Before You Breed



Some people think they can make money out of breeding dogs, if they do they are scrimping on basic needs that are necessary in ensuring the puppies and their mother are healthy and in good condition.

Here are some things to think about before breeding a litter:

Before you mate the bitch you will need enough money to pay the stud fee.  (Generally the price of one puppy sale), the possibility of a caesarean section ($1,000 during normal hours, anything up to $5,000 out of hours), any unexpected veterinary expenses caused by problems whelping (depends on the vet and the amount of treatment necessary after hours allow at least$200-$300).  Is your vet on 24 hour call?  Most bitches whelp after midnight.

Has your bitch, as well as the stud dog, had the necessary health screens for hip and elbow dysplasia, eye disease etc. to ensure the puppies they produce are not affected by these common diseases?

Do you realize you will need to provide extra nutrition for the bitch at least 3 weeks prior to and up to 5 weeks after whelping?

Do you have a warm, private and secure area for your bitch to whelp her puppies?

Are you prepared to stay up all night and assist the bitch whelping, changing bedding, cleaning and making sure the puppies are okay?

Can you care for the puppies if the mother rejects them or is unable to feed them due to a lack of milk? Can you afford the time off work and special food, bottles and tubes to feed them every three hours around the clock, not to mention toileting each pup?

Are you prepared for the possibility of some puppies dying despite the care you have taken?  We have lost two entire litters due to no fault of our own.

Could you afford extra veterinary expenses for the bitch or puppies if they had unforseen health problems e.g. injury or contracted virus?

Can you afford the worming suspension the puppies will require at two weeks of age and every two weeks thereafter?

Do you have the money for the extra food as the puppies change to solids?

Are you willing to pick up faeces every few hours when the mother stops cleaning up after the puppies?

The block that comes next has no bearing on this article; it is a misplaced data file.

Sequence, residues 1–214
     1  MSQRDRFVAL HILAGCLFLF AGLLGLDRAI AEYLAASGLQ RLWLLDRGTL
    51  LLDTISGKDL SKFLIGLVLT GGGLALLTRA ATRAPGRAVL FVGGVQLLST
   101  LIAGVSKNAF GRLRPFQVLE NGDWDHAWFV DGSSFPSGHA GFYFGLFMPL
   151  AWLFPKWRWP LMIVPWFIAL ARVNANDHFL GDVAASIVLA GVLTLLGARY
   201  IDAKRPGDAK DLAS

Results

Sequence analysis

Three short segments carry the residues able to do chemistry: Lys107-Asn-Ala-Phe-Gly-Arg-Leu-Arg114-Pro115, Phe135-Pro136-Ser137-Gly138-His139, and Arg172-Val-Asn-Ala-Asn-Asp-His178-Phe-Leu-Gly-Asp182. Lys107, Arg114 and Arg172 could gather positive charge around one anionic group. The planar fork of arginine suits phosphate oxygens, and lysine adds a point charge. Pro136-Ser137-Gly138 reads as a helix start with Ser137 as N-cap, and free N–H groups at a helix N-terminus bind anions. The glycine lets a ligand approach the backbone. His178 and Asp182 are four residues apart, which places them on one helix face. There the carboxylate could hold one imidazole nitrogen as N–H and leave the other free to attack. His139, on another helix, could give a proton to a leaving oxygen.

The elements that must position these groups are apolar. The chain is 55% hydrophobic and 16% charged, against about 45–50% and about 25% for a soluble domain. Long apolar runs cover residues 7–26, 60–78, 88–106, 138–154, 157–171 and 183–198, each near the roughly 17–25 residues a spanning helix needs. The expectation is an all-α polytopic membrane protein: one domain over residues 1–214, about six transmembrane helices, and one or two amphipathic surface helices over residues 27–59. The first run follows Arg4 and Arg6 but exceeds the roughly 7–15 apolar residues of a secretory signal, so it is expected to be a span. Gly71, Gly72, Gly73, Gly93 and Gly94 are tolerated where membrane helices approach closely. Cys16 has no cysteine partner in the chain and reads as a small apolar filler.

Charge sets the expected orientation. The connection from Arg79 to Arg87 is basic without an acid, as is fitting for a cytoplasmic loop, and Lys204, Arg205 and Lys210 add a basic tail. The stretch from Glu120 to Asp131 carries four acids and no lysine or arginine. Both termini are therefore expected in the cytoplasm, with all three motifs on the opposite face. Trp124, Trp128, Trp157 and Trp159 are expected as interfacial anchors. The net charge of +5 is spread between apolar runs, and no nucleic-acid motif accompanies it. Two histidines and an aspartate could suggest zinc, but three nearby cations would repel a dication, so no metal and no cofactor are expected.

Are you prepared to have your sleep disturbed by the puppies whining for food, and howling when they discover their voices around two-three weeks of age?

Are you prepared to apologize to your neighbours for the noise?

Even after weaning puppies need feeding 4 times a day, are you able to make sure they are fed when required?

Do you have the room and facilities to keep up to 8 – 12 adventurous puppies sheltered from the weather and safely penned, up to and possibly beyond 8 weeks of age?

Can you cope with six or more puppies teething and chewing everything in sight?

Can you afford the vaccinations, microchipping, heartworm and flea control the puppies need from six weeks of age?

How will you advertise the puppies? Friends who, in passing, said "gee I'd love one of those dogs" often won't take a puppy after all.

Having prospective buyers come over to look at the pups is a very time consuming exercise. You may spend hours talking to people, only to find that they buy their pup from someone else. Have you the time and patience for this?

Will you be able to offer the health clearances and guarantees buyers expect?

Can you offer prospective buyers a valid pedigree?

Are you prepared to provide new puppy owners with information about the breed and the pups' requirements? Are you knowledgeable enough about the breed to be able to talk to your puppy owners after they have purchased the pup and answer any queries they may have, and or help them deal with any problems that may arise?

What will you do if you don't get enough interested buyers, even when you drop your price?

What would you do if someone sued you for selling them a sick puppy or one with a hereditary disease?

Will you be able to take back and/or rehouse a puppy you have sold if the owners can't keep it anymore?

If you have answered 'No' to any of these questions, THINK AGAIN BEFORE YOU MATE YOUR BITCH.

If you still decide to mate your bitch, take care when using medications during pregnancy.  The following link is invaluable in advising of drugs and medications to use and/or not to use during pregnancy:


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